At Reagan Library, Nikki Haley lays out her GOP vision – LA Daily News

SIMI VALLEY — In addressing a crowd of supporters at the Ronald Reagan Presidential Library Tuesday evening, possible presidential contender Nikki Haley evoked his name numerous times during her speech. She compared the uncertain times the 40th president faced in his two terms and the current events happening abroad and within the country.
Haley, the former U. S. Ambassador to the U. N. and former governor of South Carolina, was the fifth Republican speaker this year taking part in the Ronald Reagan Presidential Foundation and Institute’s “Time for Choosing” speaker series at the Simi Valley presidential library.
She pushed the 40th president’s accomplishments, wisdom and thought process throughout her 50-minute speech by highlighting how the country’s history during his tenure is a mirror image of what is happening today.
Dismissing past lessons is a sure way to destroy the future, she said.
“Ronald Reagan’s life and leadership provide so many important lessons for our country,” Haley said. “It has become fashionable in some circles – even some conservative ones – to dismiss the relevance of Ronald Reagan.  They say we must move beyond Reaganism.  The times have changed, they say, and it’s only right to change with them.”
Haley didn’t pull any punches when it came to what she conceived as current threats to the United States and bashed the Biden administration in the same breath. She slammed Democrats saying they don’t believe in America and see the country’s flaws as more profound than its strengths.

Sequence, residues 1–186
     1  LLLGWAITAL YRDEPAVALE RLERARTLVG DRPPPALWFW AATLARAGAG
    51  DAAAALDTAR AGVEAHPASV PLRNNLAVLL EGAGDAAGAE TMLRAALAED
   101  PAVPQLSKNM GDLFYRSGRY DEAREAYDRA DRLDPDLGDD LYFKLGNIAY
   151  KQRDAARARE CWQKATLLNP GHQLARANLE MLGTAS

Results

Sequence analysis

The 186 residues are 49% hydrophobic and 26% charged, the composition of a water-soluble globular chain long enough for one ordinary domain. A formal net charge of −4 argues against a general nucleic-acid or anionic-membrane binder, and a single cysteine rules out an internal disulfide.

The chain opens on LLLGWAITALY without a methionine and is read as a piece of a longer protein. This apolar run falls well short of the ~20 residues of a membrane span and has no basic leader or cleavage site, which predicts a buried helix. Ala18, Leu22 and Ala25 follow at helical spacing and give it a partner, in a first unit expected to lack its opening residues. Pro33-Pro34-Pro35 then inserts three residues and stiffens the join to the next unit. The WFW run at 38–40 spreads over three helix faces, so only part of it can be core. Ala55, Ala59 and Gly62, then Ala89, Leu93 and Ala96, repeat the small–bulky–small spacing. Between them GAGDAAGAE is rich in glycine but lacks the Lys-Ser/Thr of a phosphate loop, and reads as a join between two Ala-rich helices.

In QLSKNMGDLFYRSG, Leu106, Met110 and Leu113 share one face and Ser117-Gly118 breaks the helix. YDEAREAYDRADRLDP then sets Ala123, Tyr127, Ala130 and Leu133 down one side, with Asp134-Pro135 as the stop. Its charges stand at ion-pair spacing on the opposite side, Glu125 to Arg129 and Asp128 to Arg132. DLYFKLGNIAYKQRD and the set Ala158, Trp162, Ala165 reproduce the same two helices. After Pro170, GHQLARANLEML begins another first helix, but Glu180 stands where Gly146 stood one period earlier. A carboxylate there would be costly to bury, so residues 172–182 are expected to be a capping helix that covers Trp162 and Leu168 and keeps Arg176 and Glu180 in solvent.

“Think about … growing inflation, runaway federal spending and debt, rampant crime in our cities, radical leftists running our universities, radical Islamists holding Americans hostage and an evil Communist empire aggressively spreading its influence in the world,” she said. “Am I talking about 1980 or today?”
Haley painted an ominous, threatening and dangerous picture abroad.
She described Syria as a country with brutal murderers using chemical weapons against women and children. She called North Korea’s leader a tyrant expanding his nuclear arsenal while starving his people. In Iran, she said there were theocratic lunatics building nuclear arsenal and bankrolling terrorists. In Venezuela, she said there was  a socialist dictator who crushes freedom and tortures protestors and in China, the Communist Party is guilty of genocide.
“Yet as we saw when he spoke to the United Nations, Joe Biden can’t even call out China by name,” Haley added. “Our enemies are not just people with a different view about how best to govern, they are barbaric and want to roll back history to a very dark time. They’ve spent many years building their strength and now they are done waiting.”
She didn’t hold back calling Biden out on the fall of Afghanistan, describing the Taliban’s victory as a disgrace, thereby leaving America weaker in the world and less safe at home.
“It was the fall of Saigon and the Iran hostage crisis rolled into one,” Haley said.
The library’s forum features high-profile voices in the conservative movement to address critical questions facing the future of the Republican Party.
Haley, and other series speakers who preceded her in the series, tackled a range of topics. They included the reason why a person is a Republican, what should the Republican Party stand for and what are Republican philosophies everyone can agree on.